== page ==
Brothers, join in imitating me, and keep your eyes on those who walk according to the example you have in us. For many, of whom I have often told you and now tell you even with tears, walk as enemies of the cross of Christ. Their end is destruction, their god is their belly, and they glory in their shame, with minds set on earthly things. But our citizenship is in heaven, and from it we await a Savior, the Lord Jesus Christ, who will transform our lowly body to be like his glorious body, by the power that enables him even to subject all things to himself.


Philippians 3 Commentary

by Hank Workman

I had a friend who used to say, “If you’re green, you’ll grow.  If you’re ripe, you’ll rot.”

I am sometimes baffled by a lack of spiritual maturity.  There are those who have been believers for years and still operate in a shallowness of thought and faith. Many winds blow with ideology and thought today they tend to embrace.  It’s almost like they move to the next flavor of the week when it comes to spiritual matters.  Because there is a lacking root system in their walk with Jesus, there is no depth.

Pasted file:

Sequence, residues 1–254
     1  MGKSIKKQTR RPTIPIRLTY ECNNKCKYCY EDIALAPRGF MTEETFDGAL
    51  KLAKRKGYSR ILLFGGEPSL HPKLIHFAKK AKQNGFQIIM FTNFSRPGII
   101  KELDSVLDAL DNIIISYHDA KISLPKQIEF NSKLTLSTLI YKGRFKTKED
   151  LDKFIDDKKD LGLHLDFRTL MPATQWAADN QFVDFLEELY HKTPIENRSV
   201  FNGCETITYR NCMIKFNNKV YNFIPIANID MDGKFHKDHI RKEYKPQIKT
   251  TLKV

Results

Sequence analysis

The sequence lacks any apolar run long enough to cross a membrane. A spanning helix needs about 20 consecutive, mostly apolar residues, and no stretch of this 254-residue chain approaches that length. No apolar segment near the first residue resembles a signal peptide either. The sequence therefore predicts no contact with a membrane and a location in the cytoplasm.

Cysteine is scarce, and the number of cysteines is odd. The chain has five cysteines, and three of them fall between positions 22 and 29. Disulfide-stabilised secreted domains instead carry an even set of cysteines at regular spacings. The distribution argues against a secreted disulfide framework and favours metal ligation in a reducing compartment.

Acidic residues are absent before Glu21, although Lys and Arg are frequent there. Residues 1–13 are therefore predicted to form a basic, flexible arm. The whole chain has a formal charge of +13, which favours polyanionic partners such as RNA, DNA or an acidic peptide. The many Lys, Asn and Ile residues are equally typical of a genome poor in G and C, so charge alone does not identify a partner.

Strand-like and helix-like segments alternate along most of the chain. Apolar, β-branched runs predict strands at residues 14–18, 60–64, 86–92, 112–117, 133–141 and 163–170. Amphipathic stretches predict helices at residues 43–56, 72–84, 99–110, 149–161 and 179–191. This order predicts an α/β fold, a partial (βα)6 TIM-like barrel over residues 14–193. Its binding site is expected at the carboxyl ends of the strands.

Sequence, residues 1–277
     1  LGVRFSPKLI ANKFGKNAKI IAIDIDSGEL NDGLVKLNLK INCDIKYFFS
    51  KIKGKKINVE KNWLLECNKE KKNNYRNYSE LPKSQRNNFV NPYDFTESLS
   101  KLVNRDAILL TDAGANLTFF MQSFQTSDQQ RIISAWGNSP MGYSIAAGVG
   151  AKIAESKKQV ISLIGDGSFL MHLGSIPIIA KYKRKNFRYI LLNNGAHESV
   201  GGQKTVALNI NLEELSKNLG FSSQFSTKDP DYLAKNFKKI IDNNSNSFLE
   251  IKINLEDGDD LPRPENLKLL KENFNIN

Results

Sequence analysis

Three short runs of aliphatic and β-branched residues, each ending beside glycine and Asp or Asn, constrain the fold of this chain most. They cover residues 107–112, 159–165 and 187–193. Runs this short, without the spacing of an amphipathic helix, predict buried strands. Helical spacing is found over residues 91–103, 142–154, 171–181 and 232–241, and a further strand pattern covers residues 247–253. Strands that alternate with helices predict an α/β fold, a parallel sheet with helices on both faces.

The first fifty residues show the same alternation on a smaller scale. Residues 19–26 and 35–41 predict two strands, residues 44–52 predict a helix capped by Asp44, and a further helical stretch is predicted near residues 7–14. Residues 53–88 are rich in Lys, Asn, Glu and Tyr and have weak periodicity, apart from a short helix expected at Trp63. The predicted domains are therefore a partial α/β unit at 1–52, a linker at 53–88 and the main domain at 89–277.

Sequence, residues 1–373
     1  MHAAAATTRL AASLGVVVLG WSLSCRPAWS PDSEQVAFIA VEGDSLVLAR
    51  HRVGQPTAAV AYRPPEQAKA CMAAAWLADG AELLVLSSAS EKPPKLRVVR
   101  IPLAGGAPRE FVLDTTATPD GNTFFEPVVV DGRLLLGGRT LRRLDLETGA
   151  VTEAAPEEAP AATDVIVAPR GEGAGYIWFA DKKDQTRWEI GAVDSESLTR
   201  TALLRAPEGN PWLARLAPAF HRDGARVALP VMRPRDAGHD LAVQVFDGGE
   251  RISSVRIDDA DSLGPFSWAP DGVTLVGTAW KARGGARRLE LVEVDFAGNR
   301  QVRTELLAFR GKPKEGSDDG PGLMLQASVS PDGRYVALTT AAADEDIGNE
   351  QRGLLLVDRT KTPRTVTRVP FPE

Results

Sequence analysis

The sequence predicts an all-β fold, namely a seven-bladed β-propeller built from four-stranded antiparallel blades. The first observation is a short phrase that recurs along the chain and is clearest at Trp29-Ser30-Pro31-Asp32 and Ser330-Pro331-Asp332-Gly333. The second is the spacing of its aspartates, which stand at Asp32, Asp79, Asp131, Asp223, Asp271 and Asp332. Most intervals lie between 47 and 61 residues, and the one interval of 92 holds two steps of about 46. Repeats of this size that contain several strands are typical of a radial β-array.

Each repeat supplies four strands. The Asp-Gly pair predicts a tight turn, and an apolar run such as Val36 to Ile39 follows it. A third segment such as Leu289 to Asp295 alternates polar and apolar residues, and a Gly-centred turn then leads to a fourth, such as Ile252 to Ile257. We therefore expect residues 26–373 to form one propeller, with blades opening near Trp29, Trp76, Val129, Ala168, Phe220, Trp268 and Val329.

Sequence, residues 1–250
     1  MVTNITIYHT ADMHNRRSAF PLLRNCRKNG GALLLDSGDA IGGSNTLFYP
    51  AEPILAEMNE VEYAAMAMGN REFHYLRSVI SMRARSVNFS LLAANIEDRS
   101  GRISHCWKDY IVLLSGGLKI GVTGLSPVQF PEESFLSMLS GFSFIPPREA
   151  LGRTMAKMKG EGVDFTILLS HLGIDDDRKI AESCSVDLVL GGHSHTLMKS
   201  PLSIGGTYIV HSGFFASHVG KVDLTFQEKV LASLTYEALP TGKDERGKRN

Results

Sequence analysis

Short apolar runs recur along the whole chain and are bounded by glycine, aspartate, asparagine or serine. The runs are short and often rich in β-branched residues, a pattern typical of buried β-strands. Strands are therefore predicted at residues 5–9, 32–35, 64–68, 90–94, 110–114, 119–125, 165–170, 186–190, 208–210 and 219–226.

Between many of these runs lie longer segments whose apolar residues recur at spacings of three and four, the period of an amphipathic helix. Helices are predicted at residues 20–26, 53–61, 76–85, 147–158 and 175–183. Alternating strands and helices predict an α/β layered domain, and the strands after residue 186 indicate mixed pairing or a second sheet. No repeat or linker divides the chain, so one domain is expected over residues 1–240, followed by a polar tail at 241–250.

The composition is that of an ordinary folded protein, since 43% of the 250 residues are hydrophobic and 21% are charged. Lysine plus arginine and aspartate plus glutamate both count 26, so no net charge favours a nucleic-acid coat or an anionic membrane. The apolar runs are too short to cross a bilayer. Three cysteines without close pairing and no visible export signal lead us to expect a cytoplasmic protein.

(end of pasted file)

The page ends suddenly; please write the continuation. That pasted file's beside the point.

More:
Sometimes clinging to spiritual teachings that have no real scriptural evidence, their spiritual life becomes an after thought.  The fruit of their maturity shows itself in crisis.  When the going gets tough, they get spiritual; and that spirituality is often one dimensional and trivial.  Using Christian-ease words and verbiage it’s almost like they are attempting to talk themselves into character traits of God they have not embraced personally.

I have to admit, I don’t get it.  And If I’m honest, it drives me crazy.

Paul writes toward our pressing on toward spiritual maturity.  Beautifully he likens his life to that of a race pressing toward the prize.  The things of his past, which used to be so important fell away as Jesus became his priority.  Everything he did started with Jesus.  Of course, Paul was human and for certain would have fallen into the traps of himself. But somehow he redirected those things back to the race laid out before him.

He took hold of Christ and he let go of the things of the past.  He pursued daily, actually I believe hourly at times, where Jesus was at in his current situation and embraced Him.